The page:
The fact that a foreign policy issue is being discussed within a domestic perspective is of importance to those who believe that the domestic and international arenas operate under different principles. The Québec referendum challenges the assumption that domestic politics operate under different principles than international politics, this by directly asking the population to decide without the need of a legislative intermediary. In turn, to partially explain the Québec sovereignty movement an international relations theory is here used as a framework-- power transition theory (PTT) is used in this thesis. The theory tells us that “if a rising power is dissatisfied with its own place in the existing order, it may wish to challenge the existing order” (Levy, 2003). In where the underlying idea is that “a nation gaining on an adversary will try to make its advantage permanent by reducing its opponent by force” (Organski, 1980). The PTT focuses on the role of “power” and “dissatisfaction” conditions, instead of strategies, when predicting the emergence of conflict. There is no explicit consideration to the thought process that a decision maker goes through, instead “they are simply expected to conform to the structurally induced pattern” (Lemke, 2002, pp 39). In turn, the Quebec sovereignty referendum is used in this thesis to test whether decision makers actually conform to the structurally induced pattern. This is done in an effort to test at the individual level the suggestion that adversary power will deter a potential challenger, and that status-quo dissatisfaction is a necessary condition for conflict to emerge. Specifically, I hypothesize that an individual that has experienced a power transition, as measured by income, will be more likely to challenge the status quo than one that has not. The hypothesis is tested by relying on a mathematical probability model and is then corroborated through a qualitative analysis. The probability model that allowed for testing the effects that ‘power’ and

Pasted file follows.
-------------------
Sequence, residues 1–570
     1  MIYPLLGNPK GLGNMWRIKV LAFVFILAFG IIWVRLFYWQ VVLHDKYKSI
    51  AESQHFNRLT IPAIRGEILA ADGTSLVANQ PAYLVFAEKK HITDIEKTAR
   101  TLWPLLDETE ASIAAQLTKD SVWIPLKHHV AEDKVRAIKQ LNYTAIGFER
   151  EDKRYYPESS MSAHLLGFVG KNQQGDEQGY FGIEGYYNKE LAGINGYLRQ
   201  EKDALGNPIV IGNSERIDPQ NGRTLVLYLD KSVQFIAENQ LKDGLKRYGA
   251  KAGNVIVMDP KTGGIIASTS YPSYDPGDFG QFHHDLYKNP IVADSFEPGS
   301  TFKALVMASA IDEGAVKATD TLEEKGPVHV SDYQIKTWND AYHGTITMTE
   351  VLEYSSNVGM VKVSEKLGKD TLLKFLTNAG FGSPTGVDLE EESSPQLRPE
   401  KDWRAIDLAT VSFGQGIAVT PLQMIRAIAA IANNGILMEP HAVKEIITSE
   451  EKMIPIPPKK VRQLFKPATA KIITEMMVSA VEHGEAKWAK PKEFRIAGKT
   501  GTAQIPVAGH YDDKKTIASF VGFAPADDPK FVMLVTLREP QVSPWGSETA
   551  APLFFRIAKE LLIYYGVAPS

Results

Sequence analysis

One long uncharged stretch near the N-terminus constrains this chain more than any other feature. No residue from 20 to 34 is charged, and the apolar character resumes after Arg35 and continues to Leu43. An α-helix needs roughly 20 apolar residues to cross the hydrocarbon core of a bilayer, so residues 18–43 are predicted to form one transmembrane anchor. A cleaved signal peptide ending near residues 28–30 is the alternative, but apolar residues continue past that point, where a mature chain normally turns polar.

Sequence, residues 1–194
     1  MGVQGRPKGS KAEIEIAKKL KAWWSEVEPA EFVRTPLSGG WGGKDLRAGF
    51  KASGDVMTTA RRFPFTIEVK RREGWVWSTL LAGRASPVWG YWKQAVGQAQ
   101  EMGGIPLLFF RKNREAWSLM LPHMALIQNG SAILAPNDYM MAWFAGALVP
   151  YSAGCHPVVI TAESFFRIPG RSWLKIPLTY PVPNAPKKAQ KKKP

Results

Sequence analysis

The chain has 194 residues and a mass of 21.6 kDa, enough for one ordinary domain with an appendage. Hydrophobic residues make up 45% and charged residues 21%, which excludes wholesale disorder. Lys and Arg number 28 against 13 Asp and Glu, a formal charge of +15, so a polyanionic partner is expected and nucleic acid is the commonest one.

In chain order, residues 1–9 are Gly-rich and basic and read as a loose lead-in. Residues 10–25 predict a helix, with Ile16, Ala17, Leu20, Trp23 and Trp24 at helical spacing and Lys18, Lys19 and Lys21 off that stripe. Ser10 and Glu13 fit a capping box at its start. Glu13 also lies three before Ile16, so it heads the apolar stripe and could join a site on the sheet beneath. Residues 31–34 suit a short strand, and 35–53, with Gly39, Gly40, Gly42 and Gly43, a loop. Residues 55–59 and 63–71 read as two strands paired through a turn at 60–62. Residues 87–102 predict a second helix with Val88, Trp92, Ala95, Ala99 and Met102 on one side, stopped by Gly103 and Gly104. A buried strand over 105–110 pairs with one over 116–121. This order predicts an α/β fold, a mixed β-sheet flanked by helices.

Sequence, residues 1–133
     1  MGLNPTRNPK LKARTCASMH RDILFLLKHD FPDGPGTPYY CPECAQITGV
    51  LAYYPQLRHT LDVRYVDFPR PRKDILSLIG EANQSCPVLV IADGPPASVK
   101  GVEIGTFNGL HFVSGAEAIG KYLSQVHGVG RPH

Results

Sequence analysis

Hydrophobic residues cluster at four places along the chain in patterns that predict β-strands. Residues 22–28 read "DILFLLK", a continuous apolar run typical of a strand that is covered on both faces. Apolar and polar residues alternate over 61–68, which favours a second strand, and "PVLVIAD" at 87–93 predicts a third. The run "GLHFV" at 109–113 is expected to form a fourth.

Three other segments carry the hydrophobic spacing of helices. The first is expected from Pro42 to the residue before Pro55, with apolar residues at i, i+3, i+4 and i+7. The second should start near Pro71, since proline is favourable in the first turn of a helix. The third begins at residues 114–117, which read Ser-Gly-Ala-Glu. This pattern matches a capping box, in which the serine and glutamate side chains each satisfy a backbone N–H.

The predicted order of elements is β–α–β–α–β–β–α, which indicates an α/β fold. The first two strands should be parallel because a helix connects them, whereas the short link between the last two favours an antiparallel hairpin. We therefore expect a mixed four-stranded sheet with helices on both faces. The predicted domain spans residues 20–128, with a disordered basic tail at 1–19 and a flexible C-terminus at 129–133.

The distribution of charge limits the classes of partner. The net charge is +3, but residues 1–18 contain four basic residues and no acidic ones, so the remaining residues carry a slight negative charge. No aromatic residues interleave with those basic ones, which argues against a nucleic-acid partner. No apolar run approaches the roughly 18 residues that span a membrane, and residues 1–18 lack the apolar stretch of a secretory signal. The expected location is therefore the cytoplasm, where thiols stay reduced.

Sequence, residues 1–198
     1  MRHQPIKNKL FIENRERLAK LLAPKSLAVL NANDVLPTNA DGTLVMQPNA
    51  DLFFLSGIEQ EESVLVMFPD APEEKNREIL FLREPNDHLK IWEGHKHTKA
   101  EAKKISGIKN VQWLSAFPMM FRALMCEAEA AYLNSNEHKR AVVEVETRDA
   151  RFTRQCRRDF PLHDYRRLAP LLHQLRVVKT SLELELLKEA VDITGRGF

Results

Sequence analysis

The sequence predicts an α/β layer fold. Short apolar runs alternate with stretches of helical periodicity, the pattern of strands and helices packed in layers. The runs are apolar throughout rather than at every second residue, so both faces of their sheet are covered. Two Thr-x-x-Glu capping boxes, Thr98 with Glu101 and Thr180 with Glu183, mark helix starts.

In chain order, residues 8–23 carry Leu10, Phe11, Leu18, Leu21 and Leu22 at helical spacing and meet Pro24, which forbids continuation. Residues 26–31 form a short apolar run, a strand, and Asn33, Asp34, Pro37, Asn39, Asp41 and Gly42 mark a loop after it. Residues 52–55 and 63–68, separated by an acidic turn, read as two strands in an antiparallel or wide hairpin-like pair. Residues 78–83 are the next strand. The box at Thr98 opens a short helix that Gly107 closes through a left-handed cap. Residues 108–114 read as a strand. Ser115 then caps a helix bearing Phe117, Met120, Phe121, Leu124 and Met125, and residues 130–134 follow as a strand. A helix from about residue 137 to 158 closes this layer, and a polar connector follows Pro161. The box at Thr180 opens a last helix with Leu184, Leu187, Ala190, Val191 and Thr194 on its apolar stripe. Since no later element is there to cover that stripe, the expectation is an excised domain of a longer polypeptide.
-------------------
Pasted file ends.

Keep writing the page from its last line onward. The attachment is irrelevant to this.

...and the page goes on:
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‘dissatisfaction’ had on an individual’s decision to vote ‘Yes’ for secession is presented in the quantitative section (chapter 4) of the thesis. This analysis was accomplished by using a dataset that was collected in Québec during the time of the referendum; the final vote of each individual was contrasted with their relative income and dissatisfaction with the federation. In addition to this, other variables were used to check against for potential spurious relationships. Specifically, the model considered ethnicity, political interest, education, age, gender, and ideology as alternative explanations of secessionist support.

SUMMARY OF FINDINGS